If you’re like a lot of renters, the idea that maybe you ought to buy a place has crossed your mind – it might well cross you mind every month, as you sign and mail your rent check to your landlord. “Why am I still throwing money way on rent? Maybe it’s time to buy a place of my own…”
It’s fun to think about never paying rent again. But getting a mortgage to finance a home purchase means rounding up a ton of paperwork, and more importantly, buying a home is a big commitment. How do you know that you’re ready for a mortgage?
The short answer: you could be ready for a mortgage if you are financially stable and if you are planning to stay in the same place for the next several years.
You are managing your finances well
Every Thanksgiving, your loud Uncle Jeff wants to talk to you and all of your cousins about real estate. Uncle Jeff insists that owning a home is the only way to build real wealth, and that renting is a total waste of money.
You know, of course, that paying for a place to sleep and store your belongings isn’t exactly throwing your money in the trash can, but you wonder a little bit if maybe he’s right. If you could pay a mortgage for the same amount you’re currently paying in rent, why wouldn’t you choose the option that helps you build equity and puts a roof over your head?
Well, for one thing, homes are expensive, and they’re not entirely risk-free. There are upfront costs, closing costs, and costs to maintain the home once you’ve purchased it.
People do make money when their homes go up in value, but, rising home values aren’t guaranteed.
If we’re talking about buying a home, we’re going start with the basic assumption that your personal finances are in good shape. You’ve got some savings. You’ve got an emergency fund. You’ve got a retirement account or investments somewhere. You pay your bills on time, you haven’t maxed out all of your credit cards, and if you’ve got student loans or other debts, you’re making decent progress on getting those paid off.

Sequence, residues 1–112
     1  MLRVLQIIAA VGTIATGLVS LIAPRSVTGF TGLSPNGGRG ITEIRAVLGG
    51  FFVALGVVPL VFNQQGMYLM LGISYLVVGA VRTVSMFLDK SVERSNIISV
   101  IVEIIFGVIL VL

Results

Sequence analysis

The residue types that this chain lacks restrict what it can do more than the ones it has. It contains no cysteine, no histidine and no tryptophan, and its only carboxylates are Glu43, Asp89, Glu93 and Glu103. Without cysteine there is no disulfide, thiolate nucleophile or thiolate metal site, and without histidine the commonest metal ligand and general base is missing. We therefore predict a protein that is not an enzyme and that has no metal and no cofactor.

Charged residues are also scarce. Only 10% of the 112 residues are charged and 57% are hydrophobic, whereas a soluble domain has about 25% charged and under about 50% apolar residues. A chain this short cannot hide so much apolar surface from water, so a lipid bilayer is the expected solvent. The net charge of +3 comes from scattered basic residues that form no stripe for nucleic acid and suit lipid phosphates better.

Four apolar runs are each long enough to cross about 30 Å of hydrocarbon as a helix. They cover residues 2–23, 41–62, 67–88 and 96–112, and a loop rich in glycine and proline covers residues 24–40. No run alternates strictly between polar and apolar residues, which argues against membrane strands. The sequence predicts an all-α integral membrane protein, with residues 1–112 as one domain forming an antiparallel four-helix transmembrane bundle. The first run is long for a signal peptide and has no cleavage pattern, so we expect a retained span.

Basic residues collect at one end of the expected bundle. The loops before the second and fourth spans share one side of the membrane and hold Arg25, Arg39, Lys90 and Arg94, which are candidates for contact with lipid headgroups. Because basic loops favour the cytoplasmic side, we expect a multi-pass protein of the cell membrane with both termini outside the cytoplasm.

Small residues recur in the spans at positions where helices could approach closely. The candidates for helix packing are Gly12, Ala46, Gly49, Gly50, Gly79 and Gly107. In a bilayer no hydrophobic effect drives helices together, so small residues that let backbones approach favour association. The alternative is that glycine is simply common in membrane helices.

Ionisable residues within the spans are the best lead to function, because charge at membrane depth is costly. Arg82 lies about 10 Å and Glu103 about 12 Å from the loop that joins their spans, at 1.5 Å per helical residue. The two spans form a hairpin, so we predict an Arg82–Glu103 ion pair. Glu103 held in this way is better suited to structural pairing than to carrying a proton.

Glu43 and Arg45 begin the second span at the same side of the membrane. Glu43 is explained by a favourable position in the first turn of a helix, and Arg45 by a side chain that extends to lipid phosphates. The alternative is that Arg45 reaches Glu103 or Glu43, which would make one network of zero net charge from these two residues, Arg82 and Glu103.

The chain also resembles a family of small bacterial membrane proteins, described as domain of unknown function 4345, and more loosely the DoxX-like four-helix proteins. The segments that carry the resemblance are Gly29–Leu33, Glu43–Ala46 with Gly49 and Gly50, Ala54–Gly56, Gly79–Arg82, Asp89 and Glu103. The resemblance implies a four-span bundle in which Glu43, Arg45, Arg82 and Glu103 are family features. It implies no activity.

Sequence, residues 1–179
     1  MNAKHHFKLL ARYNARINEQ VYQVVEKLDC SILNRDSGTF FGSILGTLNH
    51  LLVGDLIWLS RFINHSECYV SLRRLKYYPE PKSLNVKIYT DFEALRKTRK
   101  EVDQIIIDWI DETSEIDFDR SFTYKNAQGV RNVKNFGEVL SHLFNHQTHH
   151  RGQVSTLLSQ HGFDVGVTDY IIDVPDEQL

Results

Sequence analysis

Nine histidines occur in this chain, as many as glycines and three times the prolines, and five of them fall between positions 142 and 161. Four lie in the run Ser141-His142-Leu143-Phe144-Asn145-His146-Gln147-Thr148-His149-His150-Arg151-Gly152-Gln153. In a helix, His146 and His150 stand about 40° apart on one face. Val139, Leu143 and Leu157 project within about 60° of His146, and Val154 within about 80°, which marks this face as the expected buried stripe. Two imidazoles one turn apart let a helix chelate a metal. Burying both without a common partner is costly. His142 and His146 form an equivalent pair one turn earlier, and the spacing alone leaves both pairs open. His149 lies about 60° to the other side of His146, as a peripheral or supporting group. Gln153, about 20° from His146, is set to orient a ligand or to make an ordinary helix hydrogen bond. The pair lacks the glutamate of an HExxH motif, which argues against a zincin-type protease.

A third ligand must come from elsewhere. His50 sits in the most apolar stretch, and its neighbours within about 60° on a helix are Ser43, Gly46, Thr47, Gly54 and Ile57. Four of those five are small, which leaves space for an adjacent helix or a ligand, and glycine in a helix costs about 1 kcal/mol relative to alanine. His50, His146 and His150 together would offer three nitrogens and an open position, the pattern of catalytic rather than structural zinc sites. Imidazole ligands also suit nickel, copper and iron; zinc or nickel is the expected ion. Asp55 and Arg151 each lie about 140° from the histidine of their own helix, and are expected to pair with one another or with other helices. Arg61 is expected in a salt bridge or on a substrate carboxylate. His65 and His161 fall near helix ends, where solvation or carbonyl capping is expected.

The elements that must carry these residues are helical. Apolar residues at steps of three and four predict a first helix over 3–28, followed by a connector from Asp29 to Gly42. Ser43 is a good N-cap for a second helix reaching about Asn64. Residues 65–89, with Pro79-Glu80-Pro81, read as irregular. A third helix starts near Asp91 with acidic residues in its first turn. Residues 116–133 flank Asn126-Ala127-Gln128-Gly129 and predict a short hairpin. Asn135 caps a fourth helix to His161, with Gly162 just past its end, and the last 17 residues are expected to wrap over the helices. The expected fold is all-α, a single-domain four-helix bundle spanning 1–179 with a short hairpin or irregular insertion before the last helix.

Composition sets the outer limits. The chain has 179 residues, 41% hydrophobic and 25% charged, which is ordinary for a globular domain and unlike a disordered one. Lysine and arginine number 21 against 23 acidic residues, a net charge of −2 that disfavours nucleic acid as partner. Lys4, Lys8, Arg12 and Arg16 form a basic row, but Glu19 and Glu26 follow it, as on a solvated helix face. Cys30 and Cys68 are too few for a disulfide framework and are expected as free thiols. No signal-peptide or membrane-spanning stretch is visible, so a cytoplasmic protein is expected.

If your personal finances aren’t in decent shape, then you already know that it’s probably not time to plunk down for a house and a mortgage. And that’s all right. If you want to be a homeowner someday, the first step is to start cleaning up your finances. Check out these tips on saving money and using credit responsibly.
You are ready put down roots
Having a mortgage and owning a home ties you to a very specific geographic place. Homes are not things you can put in your pocket and carry around with you.
Now, where you live isn’t just an address, after all. Where you choose to live is where you make friends. It’s where your children go to school. It’s where you work. It’s where you shop and where you eat and where you worship, where you hike or swim or jog or sit and watch the sun set.Having deep ties to a community can be a wonderful thing. Where you live matters.
You should absolutely be excited about the idea of living in a home and community of your own before you decide to get a mortgage.
If you’re not sure your town is the right place for you, if you think you might need to move to a different town for work soon, or if you just don’t like the idea of being committed to living in one place for awhile? Then now is probably not the time for a mortgage.
Even if buying is less expensive in that renting in your community, buying a home costs money upfront: you’ll probably need to put in a sizable down payment, there are closing costs for getting a mortgage, and for at least the first few years you own your home, you aren’t building a ton of equity—the biggest chunk of your early mortgage payments go toward interest.
Plus, as far as assets go, homes are what finance types refer to as illiquid assets. Even in hot real estate markets, and even if your home’s value has gone up significantly since you bought it, it’s not exactly easy to turn a home into cash money. You could sell a few stocks or bonds and still keep the bulk of your investment portfolio intact. But you can’t sell your second bathroom and keep the rest of your house.
So think about it, maybe it’s time.